I have a question about Riemannian sigma model, in particular how wavefunctions propagate. Here the Riemannian sigma model refers to the one introduced in 10.4.1 and 10.4.2 of the book $\ulcorner$ K. Hori et al., Mirror Symmetry, 2003$\lrcorner$. Let me write down the data.

  • We work in an Euclidean time.
  • It has a spacetime manifold $M=S^1$ and a Riemannian target $(X,g)$. On a target, we have a potential $h:X\rightarrow \mathbb{R}$.
  • It has a bosonic field $\phi:M\rightarrow X$ and fermionic fields $\psi,\overline{\psi}\in \Gamma(M,\phi^*TX)$ whose degrees are shifted by $-1$ and $1$, respectively.
  • The Hilbert space is a de Rham complex, i.e., $\mathcal{H}=\Omega^{\bullet}(X)$.
  • Supercharges are presented as $$Q=d+dh\wedge,\quad \overline{Q}=Q^{\dagger}=d^{\dagger}+\iota_{\text{grad}h},\quad F=\text{degree of the form}, \quad H=\frac{1}{2}\{Q,\overline{Q}\}.$$

As mentioned in the beginning, I want to know how wavefunctions propagate. Consider a bosonic particle moving on a real line, with a potential $V:\mathbb{R}\rightarrow\mathbb{R}$. The Hilbert space if $L^2(\mathbb{R})$ and for $t>t_0$ we have $$\Psi(x,t)=\int_{\mathbb{R}}dx_0 K(x_0,t_0;x,t)\Psi(x_0,t_0)$$ where $K(x_0,t_0;x,t)$ has two interpretations as the path integral $\int_{\phi(t_0)=x_0, \ \phi(t)=x} D\phi \ e^{-S_E[\phi]}$ (here we set $\hbar=1$ and use Euclidean action $S_E$).

I want a similar expression for Riemannian sigma model. A naive try will be $$\Psi(x,t)=\int_{X}dx_0 K(x_0,t_0;x,t)\Psi(x_0,t_0) \quad \text{for} \quad K(x_0,t_0;x,t)=\int_{\phi(t_0)=x_0 \ \phi(t)=x} D\phi D\psi D\overline{\psi} e^{-S_E[\phi,\psi,\overline{\psi}]},$$ where when integrating over $x_0$ we use the volume form on $X$ determined by the metric $g$. However, it is a nonsense because $\Psi(x,t)\in \wedge^{\bullet}T^*_x X$ whereas $\Psi(x_0,t_0)\in \wedge^{\bullet}T^*_{x_0}X$. (Recall that $\mathcal{H}=\Omega^{\bullet}(X)$ so that wavefunctions are differential forms). To compare $\Psi(x,t)$ and $\Psi(x_0,t_0)$ we will need a connection $\nabla$ on the vector bundle $\wedge^r T^*X$ (if $\Psi(-,t_0)$ is an $r$-form). Therefore our second attempt will be $$\Psi(x,t)=\int_{X}dx_0 K(x_0,t_0;x,t)\Pi_{\phi}(\Psi(x_0,t_0)),$$ where $K(x_0,t_0;x,t)$ is defined as before, and for each path $\phi:[t_0,t]\rightarrow X$ with the boundary condition $\phi(t_0)=x_0 \ \phi(t)=x$, the map $\Pi_{\phi}:\wedge^{r}T^*_{x_0}X\rightarrow \wedge^{r}T^*_x X$ is defined to be the parallel transport along $\phi$ determined by the connection $\nabla$. This sounds reasonable, but I am not sure about it. Also I don't know which connection $\nabla$ to use. Could anyone let me know the right form of propagation?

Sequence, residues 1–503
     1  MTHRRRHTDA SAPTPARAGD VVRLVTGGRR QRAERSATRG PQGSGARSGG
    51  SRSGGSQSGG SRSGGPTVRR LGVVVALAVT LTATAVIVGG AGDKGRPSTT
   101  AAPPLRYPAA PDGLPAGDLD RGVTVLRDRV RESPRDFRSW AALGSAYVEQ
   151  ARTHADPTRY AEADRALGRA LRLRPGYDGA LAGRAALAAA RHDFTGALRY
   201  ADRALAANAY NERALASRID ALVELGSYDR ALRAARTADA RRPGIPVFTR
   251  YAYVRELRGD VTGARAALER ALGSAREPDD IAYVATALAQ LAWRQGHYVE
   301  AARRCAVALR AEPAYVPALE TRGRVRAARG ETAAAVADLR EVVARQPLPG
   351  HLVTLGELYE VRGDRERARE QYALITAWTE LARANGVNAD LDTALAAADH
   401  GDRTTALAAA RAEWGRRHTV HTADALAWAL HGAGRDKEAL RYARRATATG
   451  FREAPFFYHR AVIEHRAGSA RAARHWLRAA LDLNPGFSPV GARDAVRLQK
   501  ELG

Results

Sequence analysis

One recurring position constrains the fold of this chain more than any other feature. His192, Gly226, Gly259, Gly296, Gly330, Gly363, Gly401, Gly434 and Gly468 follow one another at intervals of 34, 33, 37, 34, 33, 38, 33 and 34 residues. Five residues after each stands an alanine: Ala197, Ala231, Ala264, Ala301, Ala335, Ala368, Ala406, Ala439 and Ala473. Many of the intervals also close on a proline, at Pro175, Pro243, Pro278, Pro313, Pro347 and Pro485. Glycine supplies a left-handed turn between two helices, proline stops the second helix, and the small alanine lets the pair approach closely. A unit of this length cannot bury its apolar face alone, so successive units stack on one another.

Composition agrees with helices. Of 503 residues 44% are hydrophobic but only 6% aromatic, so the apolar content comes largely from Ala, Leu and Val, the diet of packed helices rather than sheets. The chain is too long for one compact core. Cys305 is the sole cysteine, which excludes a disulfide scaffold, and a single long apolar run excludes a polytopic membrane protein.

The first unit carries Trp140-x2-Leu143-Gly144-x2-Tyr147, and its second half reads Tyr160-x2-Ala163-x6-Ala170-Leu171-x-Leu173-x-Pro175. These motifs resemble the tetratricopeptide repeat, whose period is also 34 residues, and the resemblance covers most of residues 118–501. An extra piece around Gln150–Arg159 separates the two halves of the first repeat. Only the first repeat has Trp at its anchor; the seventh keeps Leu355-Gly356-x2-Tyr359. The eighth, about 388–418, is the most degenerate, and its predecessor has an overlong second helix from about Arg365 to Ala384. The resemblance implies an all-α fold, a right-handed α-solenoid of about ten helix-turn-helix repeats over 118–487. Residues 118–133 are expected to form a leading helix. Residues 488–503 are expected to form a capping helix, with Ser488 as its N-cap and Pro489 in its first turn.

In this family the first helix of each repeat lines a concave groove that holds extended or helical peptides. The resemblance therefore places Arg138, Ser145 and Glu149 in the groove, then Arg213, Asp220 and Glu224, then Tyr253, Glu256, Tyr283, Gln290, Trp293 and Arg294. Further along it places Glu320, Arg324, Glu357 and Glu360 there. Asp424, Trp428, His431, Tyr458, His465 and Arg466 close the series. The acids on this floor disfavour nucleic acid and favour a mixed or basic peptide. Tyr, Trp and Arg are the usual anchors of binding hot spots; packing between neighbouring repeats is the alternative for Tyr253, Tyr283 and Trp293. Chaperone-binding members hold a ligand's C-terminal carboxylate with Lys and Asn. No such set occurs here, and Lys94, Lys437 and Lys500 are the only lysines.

1 Answer 1


The configuration space for this theory has even coordinates $x$ and odd coordinates $\psi$ (it is $\Pi TX$ as a supermanifold). The Hilbert space is (the $L^2$ completion of ) the space of function in those variables, ie $\Omega^\bullet (X)$.

The evolution operator is a unitary operator $U(t_0,t):\Omega^\bullet(X) \to \Omega^\bullet(X)$. If we want to write it as an integral kernel, it will involve an integral over the whole configuration space (over $\Pi TX$, rather than just $X$). More explicitly, with $\Psi(t_0) \in C^\infty(\Pi TX)$, we have :

\begin{align} \Psi(t,x,\psi) &= \Big[U(t,t_0)\Psi(t_0)\Big](x,\psi) \\ &= \int_{\Pi TX}\text dx_0\text d\psi_0K(x_0,\psi_0,t_0;x,\psi,t)\Psi(t_0,x_0,\psi_0) \end{align}

The kernel can be defined by a path integral as : $$K(x_0,\psi_0,t_0;x_1,\psi_1,t) = \int_{\phi(t_0) = x_0,\psi(t_0) = \psi_0}^{\phi(t) = x_1,\psi(t_1) = t_1}\mathcal D\phi\mathcal D\psi\mathcal D\bar \psi e^{-S_E(\phi,\psi,\bar\psi)}$$

We can also make sense of $K(x_0,t_0;x,t)$ as a linear map $\bigwedge^\bullet T_{x_0}^* X \to \bigwedge^\bullet T_{x}^* X$. Explicitely, for $\alpha \in \bigwedge^\bullet T_{x_0}^* X = C^\infty(\Pi T_{x_0}X)$, we have : $$(K(x_0,t_0;x,t) \alpha)(\psi) = \int_{\Pi T_{x_0}X}\text d\psi_0 K(x_0,\psi_0,t_0;x,\psi,t)\alpha(\psi_0)$$


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